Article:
Boy Says He Got Pencil Stuck in His Ear, Turns out to Be Much Stranger

June 26, 2019 Updated: June 26, 2019

An English boy went to a doctor with his grandmother after he claimed he snapped a pencil inside his ear a week earlier.

However, when a doctor went to examine him, it was more unusual.

Louis King, according to a doctor in a BBC video report, said it was more serious than expected.

Louis King and his ear (BBC 3 screenshot)
The doctor then attempts to extract the item from the lad’s ear (BBC 3 screenshot)

When he attempted to remove the “pencil,” it turned out to be a small battery.

“It looks more like a watch battery to me,” the doctor asked him.

The doctor then informed King that “I can’t see your ear drum,” which means that “it’s gone.”

The watch battery, he said, made a hole in it. He said the ear drum will grow back naturally over the next six weeks.

The doctor is seen showing the battery to the child (BBC 3 screenshot)
The boy got the watch battery as a souvenir (BBC 3 screenshot)

It’s still not clear how the boy got a battery in his ear or confused it with a pencil.

“The fact that he said it was a pencil and turned out to be a watch battery … that’s pretty bizarre,” the doctor stated.

“The main danger of putting things inside your ear is you can’t see what you’re doing, and could potentially cause significant harm,” Dr. David Stutz, with the University of Michigan, said on its website.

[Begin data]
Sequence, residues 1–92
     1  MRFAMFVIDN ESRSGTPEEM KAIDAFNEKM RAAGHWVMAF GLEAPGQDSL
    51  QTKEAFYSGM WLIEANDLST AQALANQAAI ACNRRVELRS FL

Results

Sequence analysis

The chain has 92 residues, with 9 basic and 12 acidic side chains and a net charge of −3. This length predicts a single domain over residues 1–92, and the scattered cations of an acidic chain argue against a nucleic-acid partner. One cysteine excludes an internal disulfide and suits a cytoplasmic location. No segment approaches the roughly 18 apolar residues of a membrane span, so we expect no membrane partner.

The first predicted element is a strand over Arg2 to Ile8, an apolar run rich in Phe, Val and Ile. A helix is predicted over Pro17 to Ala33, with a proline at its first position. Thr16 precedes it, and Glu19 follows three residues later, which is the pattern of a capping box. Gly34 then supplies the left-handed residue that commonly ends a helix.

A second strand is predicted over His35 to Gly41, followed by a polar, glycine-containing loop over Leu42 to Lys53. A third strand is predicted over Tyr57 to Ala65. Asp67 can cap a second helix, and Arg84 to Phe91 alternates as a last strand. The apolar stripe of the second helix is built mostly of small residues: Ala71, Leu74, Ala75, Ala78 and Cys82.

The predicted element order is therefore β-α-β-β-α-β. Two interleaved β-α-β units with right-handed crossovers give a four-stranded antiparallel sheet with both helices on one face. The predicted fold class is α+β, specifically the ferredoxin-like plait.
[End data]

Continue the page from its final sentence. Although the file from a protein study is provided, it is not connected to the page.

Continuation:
“You can not only irritate, scratch and cut the ear canal, but you can also damage the eardrum, and render your efforts unsuccessful by pushing whatever wax has built up even deeper down the ear. People don’t realize the wax they see on a Q-tip would have come out anyway because the ear cleans itself,” he said, referring to the potential danger of Q-tips.

No Q-Tips?

A 31-year-old man ended up in the emergency room after he collapsed after suffering a seizure. Doctors found that he had a Q-tib, or cotton swab, stuck in his ear canal.

According to the medical journal BMJ Case Reports, the tip of the Q-tip got stuck in the English man’s ear. The man said he had pain in his ear and hearing loss over a five-year period, reported Live Science.

However, he suffered more pain, discharge from the ear, memory issues, and headaches on the left side of his head leading to vomiting, the report said.

The unnamed man later suffered a seizure and collapsed before he was admitted to a hospital in Coventry, England, noted Yahoo News.

After a CT scan, “a retained cotton bud was” discovered in his ear canal, an abstract of the study said.

“The man developed a severe bacterial infection [necrotizing otitis externa] that started in his ear canal, progressed into the bone at the base of his skull, and then moved upward, into the lining of his brain,” Live Science reported.

Alexander Charlton, the lead author of the study who treated the man, said he believes that toxins from a bacterial infection or pressure from swelling triggered a seizure and temporary memory loss, according to Live Science.

The infection, however, didn’t enter the man’s brain, but it still caused neurological problems.

It’s fine to wipe away ear wax from the outer portion of the ear with a tissue or washcloth, said Dr. Seth Schwartz, with the Virginia Mason Medical Center in Seattle, according to Today.com.

“People think of wax as being unhealthy, like they don’t want wax in their ears,” Schwartz told the outlet. “But ear wax is actually a healthy part of the ear, it’s the natural substance that occurs from the body’s self-cleaning mechanism. The body is sweeping away dead skin and debris from the ear canal and it will migrate out.”

Between 1990 and 2010, more than 263,000 children were treated in emergency rooms across the United States for ear injuries related to Q-tips.

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